Jesus did not model this one-way-street sort of serving; instead he modeled relationship without self-importance. He did not say to us, “Well, I’m actually fully man AND fully God, so I’m only going to spend my time on earth with the very best of you mortals,” but he also didn’t say, “Well, I’m fully man AND fully God, so just sit back and receive from my greatness.” He formed real relationships with people, relationships where both sides gave and received, relationships where sometimes there was no service agenda, and they could just share a good meal and good conversation (ex. Matt. 11:19).

Jesus formed relationships with people who would have been considered wealthy either in money or in social standing — like some of the Pharisees, or like Zacchaeus the rich tax collector. Jesus also formed relationships with those who would have been considered needy — ranging from people in poverty to people with illnesses to children. And he involved all those people — across the whole spectrum — in his mission for the Kingdom of God. When Jesus fed thousands with just a few fish and loaves of bread, that food came from the disciples, or, in one version of the story, from a boy in the crowd (John 6). Some of the women followers of Jesus helped to financially support Jesus and the twelve disciples (Luke 8:1-3).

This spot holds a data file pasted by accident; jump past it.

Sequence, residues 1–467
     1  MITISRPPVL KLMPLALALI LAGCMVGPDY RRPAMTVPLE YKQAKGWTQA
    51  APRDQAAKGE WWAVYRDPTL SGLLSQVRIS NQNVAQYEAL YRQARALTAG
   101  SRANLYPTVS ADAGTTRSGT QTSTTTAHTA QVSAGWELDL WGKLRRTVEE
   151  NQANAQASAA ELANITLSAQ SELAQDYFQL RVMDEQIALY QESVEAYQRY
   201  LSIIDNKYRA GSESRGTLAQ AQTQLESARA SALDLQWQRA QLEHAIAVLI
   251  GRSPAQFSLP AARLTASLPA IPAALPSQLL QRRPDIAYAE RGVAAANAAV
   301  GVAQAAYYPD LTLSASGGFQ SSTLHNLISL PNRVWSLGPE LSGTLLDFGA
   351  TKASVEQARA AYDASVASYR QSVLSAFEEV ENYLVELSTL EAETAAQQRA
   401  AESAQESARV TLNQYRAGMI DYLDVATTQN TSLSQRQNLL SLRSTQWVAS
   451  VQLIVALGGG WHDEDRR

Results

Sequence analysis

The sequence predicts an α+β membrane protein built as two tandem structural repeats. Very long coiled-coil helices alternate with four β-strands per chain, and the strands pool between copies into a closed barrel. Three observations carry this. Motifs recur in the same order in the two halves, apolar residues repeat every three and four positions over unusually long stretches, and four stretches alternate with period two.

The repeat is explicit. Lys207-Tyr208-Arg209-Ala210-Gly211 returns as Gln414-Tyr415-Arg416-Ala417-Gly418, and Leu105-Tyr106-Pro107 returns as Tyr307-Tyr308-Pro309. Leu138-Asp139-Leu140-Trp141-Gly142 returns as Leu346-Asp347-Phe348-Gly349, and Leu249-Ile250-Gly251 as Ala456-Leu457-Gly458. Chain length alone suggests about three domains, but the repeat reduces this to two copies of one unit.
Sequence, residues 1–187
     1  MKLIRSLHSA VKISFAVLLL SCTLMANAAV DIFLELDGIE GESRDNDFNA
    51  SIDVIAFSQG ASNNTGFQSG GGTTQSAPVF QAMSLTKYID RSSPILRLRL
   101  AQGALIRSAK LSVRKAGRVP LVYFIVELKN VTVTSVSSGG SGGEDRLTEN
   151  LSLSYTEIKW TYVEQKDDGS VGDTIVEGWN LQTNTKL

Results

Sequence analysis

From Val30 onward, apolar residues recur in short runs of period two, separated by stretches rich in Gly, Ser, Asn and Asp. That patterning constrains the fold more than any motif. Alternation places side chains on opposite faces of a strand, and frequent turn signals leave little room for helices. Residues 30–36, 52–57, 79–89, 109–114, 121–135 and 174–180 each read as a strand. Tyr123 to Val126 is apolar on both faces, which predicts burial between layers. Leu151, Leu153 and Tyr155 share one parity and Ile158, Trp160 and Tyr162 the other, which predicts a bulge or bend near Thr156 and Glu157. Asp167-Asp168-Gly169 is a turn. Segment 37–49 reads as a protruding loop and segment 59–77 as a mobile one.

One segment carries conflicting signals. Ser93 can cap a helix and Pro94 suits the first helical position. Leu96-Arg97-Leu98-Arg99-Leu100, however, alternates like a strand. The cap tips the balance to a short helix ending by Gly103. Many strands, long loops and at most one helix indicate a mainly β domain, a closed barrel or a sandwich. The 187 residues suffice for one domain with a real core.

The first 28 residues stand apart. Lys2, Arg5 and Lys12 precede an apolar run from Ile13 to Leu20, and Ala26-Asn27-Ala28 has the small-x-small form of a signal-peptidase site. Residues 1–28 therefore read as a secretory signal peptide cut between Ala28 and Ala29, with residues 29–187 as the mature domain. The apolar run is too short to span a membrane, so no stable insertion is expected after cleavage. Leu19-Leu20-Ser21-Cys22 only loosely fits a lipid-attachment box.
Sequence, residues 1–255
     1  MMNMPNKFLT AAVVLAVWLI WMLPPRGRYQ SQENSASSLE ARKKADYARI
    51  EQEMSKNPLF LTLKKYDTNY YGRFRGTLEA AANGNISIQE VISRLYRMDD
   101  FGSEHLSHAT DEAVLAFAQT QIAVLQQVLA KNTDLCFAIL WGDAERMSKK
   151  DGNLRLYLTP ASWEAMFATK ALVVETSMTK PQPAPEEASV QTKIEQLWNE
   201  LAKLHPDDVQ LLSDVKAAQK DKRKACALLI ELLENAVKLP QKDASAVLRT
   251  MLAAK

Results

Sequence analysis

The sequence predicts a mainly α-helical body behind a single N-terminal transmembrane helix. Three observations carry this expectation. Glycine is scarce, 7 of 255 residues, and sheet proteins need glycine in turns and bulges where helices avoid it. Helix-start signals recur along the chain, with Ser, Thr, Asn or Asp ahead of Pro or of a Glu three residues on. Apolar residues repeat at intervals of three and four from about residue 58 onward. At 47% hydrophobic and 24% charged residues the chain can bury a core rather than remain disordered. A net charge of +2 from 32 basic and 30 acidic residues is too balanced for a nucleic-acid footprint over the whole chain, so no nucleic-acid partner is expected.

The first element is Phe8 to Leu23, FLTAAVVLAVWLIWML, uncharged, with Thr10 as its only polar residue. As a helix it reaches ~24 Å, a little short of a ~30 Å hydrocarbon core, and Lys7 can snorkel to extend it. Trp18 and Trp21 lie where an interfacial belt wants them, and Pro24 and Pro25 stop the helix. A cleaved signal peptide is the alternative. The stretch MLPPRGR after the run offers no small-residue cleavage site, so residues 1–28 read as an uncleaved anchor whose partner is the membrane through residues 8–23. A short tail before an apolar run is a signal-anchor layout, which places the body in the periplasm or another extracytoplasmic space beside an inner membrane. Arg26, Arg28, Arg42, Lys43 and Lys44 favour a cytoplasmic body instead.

There was no “us” giving to “them” — there was just “us, doing God’s work: loving one another and the world.” And today we continue in that legacy, that circle of service.

In our society the church is one of few places where people of different backgrounds and skills and careers and viewpoints come together just to be in community, to be in relationship with one another. And out of that diversity we give to one another according to our skills and resources, and we receive from one another according to our needs. I see it here at St. Andrew all the time: when someone needs a job done, we point them towards someone who has the skills and could use the work, or we volunteer our own time to go change a lightbulb or rake some leaves. We cook meals for people who are going through hard times. We visit each other in the hospital. We share books and trade furniture and drive other people’s kids home from youth group. And we do all this service for one another best when we know one another, when we know what’s going on in one another’s lives, when we know what people actually need or what skills or resources other people have. We do it best when we are all part of that circle of giving and receiving.